However, the fact that most scientists urge a shift away from logging under the guise of “thinning”, and a shift toward focusing resources and attention on home hardening and defensible space to directly protect communities from wildfires, was also inconvenient for HCN’s manufactured pro-logging narrative. Instead, they lied once again to their readers in the course of making unprofessional and baseless personal attacks on me. HCN quoted Jones as saying that I have “conflicts of interest”. This is a reference to a 2019 letter to the editor by Jones, and some other scientists funded by the Forest Service, in which they said that I am both a practicing environmental lawyer and an ecologist, and that the two professions supposedly have different and competing ethical duties. The problem with this claim is that I’m not a lawyer and never have been one. I have a law degree from 1995 but changed career paths shortly after law school, never took the Bar Exam, and ultimately chose to be a research ecologist. Not that the facts mattered to Jones and his colleagues, or to HCN. Their goal was character assassination. Tellingly, neither Jones and his co-authors, nor HCN, bothered to reach out to me for a comment before publicly attacking me based on this lie, and HCN’s editors have refused to respond to my emails requesting a conversation with them about their article.

The HCN hit piece also claimed that my colleagues and I selectively use data. This is another reference to the 2019 letter to the editor by Jones and other pro-logging scientists, and it is also false. We had published a study in 2018 that, for the first time ever, investigated the influence of wildfires on spotted owls without the confounding influence of post-fire logging. Our separation of these two distinct things was good science, but our objective scientific results were politically and economically inconvenient for the Forest Service, which makes tens of millions of dollars per year from post-fire logging projects in spotted owl habitat on public lands. Our research showed that wildfire alone did not adversely affect spotted owls, but post-fire logging severely impacted them. Jones and his fellow logging advocates attacked us for publishing our study, saying that we should have conflated fire and logging like they have done in the past—in other words, urging us to conduct bad science. Our subsequent research has further vindicated our initial approach, and the need to separate fire and logging in any analysis of spotted owls. Notably, Jones and some of this colleagues had been hired and paid by the Forest Service through a contract that required Jones and others to say that the Forest Service’s logging program is “contributing to the viability of the California spotted owl”, regardless of the actual facts.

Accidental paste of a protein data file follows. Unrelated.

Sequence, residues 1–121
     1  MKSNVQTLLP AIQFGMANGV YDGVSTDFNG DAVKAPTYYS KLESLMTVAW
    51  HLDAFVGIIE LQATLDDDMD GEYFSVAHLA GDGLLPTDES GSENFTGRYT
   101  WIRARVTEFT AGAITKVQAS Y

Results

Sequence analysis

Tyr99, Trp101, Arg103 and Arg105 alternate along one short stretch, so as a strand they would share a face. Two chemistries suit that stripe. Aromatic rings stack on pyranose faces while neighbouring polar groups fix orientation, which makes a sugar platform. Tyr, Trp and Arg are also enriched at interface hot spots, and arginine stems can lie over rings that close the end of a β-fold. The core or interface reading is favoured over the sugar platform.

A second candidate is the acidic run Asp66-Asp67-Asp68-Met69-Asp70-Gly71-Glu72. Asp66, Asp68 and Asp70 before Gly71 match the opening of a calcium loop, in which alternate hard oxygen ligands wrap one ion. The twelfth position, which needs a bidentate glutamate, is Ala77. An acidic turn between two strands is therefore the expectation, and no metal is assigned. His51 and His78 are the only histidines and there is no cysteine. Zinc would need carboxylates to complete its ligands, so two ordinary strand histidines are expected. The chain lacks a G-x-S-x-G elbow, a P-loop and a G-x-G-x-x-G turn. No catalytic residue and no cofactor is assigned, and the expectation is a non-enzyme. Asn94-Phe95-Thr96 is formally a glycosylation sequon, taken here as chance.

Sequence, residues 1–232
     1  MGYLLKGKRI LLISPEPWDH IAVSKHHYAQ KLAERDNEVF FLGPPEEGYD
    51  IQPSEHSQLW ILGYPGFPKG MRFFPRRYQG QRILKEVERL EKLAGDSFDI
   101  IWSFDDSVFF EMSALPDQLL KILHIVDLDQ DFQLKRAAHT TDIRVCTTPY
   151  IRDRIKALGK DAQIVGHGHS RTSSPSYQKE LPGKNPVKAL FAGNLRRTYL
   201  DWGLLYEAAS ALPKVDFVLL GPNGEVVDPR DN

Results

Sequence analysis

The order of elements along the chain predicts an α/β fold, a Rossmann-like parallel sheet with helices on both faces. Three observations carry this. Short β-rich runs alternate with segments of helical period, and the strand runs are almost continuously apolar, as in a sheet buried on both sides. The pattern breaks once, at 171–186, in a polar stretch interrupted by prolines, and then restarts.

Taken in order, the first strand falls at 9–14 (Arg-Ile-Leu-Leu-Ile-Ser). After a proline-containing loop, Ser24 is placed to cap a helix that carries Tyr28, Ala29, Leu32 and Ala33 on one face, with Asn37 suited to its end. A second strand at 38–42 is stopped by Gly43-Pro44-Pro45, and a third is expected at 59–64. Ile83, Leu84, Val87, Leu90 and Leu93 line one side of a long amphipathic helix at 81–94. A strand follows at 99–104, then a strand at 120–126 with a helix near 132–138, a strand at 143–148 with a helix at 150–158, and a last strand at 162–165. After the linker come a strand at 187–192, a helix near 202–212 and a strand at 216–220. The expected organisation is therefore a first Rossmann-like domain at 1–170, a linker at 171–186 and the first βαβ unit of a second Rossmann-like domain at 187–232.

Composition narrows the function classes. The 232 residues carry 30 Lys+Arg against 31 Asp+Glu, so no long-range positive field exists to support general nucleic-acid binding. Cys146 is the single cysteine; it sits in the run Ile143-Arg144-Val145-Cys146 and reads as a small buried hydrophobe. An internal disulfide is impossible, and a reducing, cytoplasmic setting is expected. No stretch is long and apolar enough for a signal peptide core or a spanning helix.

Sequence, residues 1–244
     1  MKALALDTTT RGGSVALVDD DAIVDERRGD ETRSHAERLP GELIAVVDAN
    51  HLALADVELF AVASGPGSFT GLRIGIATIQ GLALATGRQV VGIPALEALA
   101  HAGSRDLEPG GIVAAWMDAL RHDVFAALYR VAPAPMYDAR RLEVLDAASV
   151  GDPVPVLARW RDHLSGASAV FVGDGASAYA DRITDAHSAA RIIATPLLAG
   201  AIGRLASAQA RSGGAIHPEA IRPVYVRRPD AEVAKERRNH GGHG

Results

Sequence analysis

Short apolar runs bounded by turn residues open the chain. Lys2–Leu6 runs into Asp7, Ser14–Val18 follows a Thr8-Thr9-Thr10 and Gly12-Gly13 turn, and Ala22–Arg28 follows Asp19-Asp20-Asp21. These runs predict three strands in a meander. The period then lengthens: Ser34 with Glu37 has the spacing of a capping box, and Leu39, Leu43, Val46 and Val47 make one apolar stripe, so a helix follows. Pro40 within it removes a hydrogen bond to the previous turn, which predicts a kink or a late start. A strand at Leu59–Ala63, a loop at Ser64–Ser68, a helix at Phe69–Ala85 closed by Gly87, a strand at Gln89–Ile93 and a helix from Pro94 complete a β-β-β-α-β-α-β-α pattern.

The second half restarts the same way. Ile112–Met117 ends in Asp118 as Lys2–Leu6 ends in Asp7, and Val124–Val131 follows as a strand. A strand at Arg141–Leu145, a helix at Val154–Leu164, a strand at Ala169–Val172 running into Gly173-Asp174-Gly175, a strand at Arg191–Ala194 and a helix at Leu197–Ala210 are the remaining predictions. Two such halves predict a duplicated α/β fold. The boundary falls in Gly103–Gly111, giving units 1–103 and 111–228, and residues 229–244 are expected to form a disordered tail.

Last, HCN’s hit piece alleged that my colleagues and I have pressured scientists and graduate students to withdraw certain articles—another falsehood on HCN’s part. We have asked some of the Forest Service-funded scientists to correct clear misstatements of fact, but we have always done so professionally and have not “pressured” anyone, nor do we have the power to do so.

I would have been happy to convey any of this information to HCN, if they had contacted me before attacking me, which they did not.

Chad Hanson is a research ecologist with the John Muir Project. He is a co-editor and co-author of “The Ecological Importance of Mixed-Severity Fires: Nature’s Phoenix” and the author of “Smokescreen.”